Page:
John Ledyard’s Journey

John Ledyard's
Connecticut River Paddle recalls explorer's amazing odyssey
By Wick Griswold

Painting by Erick Ingraham, from the book Dartmouth Undying (2019). Used with permission of The Sphinx Foundation.

The year 2020 notches a notable anniversary in the annals of the Connecticut River. It is the centennial year of Dartmouth’s Ledyard Canoe Club. Each spring their cadres of collegiate canoeists replicate the legendary paddle their progenitor took in May of 1773. His adventure is the most famous canoe journey in the long history of the River. This epic drift in a dugout canoe fashioned from a pine tree began a series of peregrinations that took him to some of the remotest destinations on Earth. He is solidly enshrined in the hall of fame reserved for the world’s truly great travelers.

Born in 1751 to a Connecticut sea captain and his wife, he was raised by well-to-do family members in Hartford. He showed up at Dartmouth College, then in only its third year, in a two-wheeled sulky, the equivalent of a flashy sports car today. His time as a scholar was sketchy. Before his first term finished, he took off on a mid-winter walkabout, living with groups of indigenous people in far northern New England.

This experience gave him a passion for anthropology and archeology. He developed a deep respect for other cultures, which served him well as he circled the globe in search of knowledge, fortune, and the unknown.

His college career came to an abrupt end when he loaded his dugout canoe with a bearskin, a book of poetry, a Greek testament, and minimal provisions to set off down the Connecticut bound for the world. His voyage almost came to a tragic end when he was so engrossed in the rhymes of Ovid he failed to notice the rapidly approaching, roaring cascades of Bellows Falls. Alarmed bystanders on the shore hallooed and caught his attention just in time to avoid what would have been a fatal plunge. He arranged for an oxcart to portage around the waterfalls and continued blithely downstream.

Ledyard made a quick stop in Hartford to visit family who were quite amazed to see someone unwrap himself from a bearskin cocoon and prove to be their prodigal relative. He continued out the mouth of the River and crossed Long Island Sound to visit more family. Ledyard decided he would become a clergyman, but the study and sobriety required were not in keeping with his wanderlust and ecstatic inclinations. He then determined to devote himself to a period of extended travel that would encompass the rest of his life. He signed on as an ordinary seaman under the command of a friend of his late father’s and sailed off across the Atlantic and on to destiny.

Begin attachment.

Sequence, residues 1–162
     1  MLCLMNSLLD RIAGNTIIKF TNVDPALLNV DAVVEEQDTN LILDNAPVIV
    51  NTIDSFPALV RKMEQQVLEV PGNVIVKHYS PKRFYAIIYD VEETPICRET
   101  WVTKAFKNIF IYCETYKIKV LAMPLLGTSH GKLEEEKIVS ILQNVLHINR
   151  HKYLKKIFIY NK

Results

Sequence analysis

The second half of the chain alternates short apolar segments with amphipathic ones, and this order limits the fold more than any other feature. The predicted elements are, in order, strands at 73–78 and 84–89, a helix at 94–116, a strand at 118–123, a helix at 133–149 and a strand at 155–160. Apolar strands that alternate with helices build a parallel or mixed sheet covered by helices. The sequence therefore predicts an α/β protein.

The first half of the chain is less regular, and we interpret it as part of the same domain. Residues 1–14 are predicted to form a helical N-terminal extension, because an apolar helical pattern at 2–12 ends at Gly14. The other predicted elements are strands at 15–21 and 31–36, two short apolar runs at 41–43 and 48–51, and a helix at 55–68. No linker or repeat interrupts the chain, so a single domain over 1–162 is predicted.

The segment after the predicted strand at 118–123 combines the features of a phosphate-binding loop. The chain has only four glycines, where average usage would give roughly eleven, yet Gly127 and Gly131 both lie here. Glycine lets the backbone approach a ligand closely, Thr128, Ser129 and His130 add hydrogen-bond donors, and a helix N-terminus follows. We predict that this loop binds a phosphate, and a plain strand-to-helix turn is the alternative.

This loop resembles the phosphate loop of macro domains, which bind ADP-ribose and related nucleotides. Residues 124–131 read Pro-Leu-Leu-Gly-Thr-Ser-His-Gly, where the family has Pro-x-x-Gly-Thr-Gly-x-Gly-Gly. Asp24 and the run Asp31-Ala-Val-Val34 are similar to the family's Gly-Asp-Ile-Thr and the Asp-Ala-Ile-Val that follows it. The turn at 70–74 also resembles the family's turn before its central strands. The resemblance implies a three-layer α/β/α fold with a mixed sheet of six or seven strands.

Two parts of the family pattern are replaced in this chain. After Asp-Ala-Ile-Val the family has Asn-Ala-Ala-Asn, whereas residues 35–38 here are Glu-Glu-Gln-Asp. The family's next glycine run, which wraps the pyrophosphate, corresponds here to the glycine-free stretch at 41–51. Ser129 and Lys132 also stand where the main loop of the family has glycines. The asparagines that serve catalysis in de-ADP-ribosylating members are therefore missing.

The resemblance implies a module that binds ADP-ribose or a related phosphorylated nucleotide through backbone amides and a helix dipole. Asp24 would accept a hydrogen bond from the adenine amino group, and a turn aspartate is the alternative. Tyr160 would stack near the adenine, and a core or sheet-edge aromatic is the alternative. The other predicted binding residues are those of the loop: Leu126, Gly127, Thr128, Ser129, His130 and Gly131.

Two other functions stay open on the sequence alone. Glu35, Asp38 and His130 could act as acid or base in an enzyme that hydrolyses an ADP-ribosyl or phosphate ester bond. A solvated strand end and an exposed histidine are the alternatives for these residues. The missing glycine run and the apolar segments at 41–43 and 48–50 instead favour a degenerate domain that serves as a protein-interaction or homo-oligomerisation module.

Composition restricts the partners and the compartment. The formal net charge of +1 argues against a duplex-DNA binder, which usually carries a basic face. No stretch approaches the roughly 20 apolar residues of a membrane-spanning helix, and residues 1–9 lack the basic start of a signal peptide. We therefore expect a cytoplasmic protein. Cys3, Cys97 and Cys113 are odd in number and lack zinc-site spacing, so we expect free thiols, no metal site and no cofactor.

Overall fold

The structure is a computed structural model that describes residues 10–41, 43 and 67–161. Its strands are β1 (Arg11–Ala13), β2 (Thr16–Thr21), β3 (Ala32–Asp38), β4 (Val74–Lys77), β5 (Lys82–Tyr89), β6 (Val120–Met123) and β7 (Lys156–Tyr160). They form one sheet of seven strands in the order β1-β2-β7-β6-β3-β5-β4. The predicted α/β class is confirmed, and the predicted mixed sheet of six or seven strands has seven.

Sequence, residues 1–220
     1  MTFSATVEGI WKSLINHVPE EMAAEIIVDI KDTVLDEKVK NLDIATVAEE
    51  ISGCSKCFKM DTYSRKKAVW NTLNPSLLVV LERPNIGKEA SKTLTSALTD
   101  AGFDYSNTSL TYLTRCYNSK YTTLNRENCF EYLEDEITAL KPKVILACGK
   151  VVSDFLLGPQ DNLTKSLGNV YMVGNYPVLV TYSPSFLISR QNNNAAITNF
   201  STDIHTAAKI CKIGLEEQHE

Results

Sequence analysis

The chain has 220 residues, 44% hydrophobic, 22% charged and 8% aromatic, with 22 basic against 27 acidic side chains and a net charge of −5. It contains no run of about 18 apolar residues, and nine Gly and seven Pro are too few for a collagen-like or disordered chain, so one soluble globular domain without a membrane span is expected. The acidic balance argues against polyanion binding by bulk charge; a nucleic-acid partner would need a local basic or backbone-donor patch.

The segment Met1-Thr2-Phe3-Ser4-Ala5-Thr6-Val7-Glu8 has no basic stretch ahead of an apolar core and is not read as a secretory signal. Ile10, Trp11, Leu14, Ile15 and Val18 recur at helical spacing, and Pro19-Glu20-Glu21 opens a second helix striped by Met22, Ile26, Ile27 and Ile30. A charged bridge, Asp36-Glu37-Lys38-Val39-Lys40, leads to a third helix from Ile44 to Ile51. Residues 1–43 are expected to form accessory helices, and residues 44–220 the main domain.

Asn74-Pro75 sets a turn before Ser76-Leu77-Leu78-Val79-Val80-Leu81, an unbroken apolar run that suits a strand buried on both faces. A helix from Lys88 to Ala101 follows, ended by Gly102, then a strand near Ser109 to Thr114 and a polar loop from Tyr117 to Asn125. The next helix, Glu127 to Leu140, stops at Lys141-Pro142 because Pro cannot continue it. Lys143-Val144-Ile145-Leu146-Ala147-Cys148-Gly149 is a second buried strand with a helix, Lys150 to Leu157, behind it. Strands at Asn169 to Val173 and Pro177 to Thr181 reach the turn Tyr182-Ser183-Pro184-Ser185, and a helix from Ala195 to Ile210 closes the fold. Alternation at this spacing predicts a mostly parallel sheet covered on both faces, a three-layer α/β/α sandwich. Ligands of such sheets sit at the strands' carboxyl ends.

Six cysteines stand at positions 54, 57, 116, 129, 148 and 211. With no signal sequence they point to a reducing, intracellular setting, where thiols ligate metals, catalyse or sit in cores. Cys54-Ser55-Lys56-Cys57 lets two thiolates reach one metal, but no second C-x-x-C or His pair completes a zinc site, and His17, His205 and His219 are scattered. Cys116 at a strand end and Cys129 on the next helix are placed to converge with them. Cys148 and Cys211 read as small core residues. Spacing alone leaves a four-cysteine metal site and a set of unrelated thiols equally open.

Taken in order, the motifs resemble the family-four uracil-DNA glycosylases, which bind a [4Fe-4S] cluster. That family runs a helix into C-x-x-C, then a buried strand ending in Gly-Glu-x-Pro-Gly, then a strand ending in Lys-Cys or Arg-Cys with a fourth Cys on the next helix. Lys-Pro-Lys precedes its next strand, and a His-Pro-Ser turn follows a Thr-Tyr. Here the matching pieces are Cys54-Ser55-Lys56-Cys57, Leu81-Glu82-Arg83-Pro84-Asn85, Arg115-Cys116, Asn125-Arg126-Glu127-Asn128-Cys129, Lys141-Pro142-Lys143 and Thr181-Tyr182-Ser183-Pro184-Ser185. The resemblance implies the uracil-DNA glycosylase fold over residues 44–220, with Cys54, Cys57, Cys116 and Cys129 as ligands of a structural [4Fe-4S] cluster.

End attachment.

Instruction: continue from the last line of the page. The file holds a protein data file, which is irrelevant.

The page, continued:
In England, he was impressed into the British Navy and reluctantly became a member of the Royal Marines. It was in that capacity that he accompanied Captain Cook on his third voyage of discovery. Ledyard wound up in Hawaii, Tonga, New Zealand, Tasmania, and the Kerguelen Islands to name just a few of the exotic places he visited. He became the first American citizen to land on the west coast of North America. He was also the first Anglo-American to be tattooed. He posited the theory that the indigenous people of the Americas migrated from Asia. It is generally accepted fact today.

Returning to the Connecticut, he faced the problem of fighting against colonists in the Revolutionary War. Rather than kill his compatriots, he deserted the Marines and retreated to Dartmouth where he set to writing the history of his voyage with Captain Cook mainly from memory.

John Ledyard Sketch courtesy of Rauner Special Collections Library/Dartmouth.

The book was an immediate success. It is noteworthy for being the first manuscript in the US to receive a copyright. On a negative note, it was claimed that he plagiarized the crucial narrative surrounding the killing of Cook by Hawaiians. He averred to be an eye-witness, but apparently he was not.

He was convinced there were fortunes to be made exporting sea-otter skins to Asia. While his business model didn’t quite work, he presaged the lucrative China trade that was to blossom in the 18th century. He wound up in Paris trying to interest capitalists in his otter idea. He was unsuccessful, but took to hobnobbing with Thomas Jefferson, John Paul Jones, the Marquis Lafayette and other luminaries. In conjunction with them, he decided to mount an expedition that would cross all of Russia on foot; kayak across the Bering Strait and continue to perambulate across North America from West to East. An ambitious plan! He walked 1,400 miles into Russia, alone and penniless. He was arrested on the orders of Catherine the Great who believed he was a French spy intent on stealing fur trading secrets.

Back in England, he was recruited to lead a group to the source of the Nile and trek from the Red Sea to the Atlantic. It was his last adventure. While in Alexandria, he developed digestive troubles. Unfortunately, one of the remedies associated with his symptoms involved the ingestion of sulfuric acid. Ledyard followed this course of treatment and it killed him. He is buried in a sand dune on the banks of the Nile, a river, like the Connecticut, of some note. He was 37 years old.

But every spring, a few dozen Dartmouth seniors and some nostalgic alumni load up their coolers and canoes and slip them into the Connecticut River just below the Ledyard Bridge. They push off downstream with the same sense of adventure and love of nature that John Ledyard displayed a couple of centuries ago. The Ledyard Canoe Club sponsors paddling trips, races, and events all over the world. It is a leader in water-based research and environmental education. John Ledyard would be proud of the work and traditions carried on in his name.

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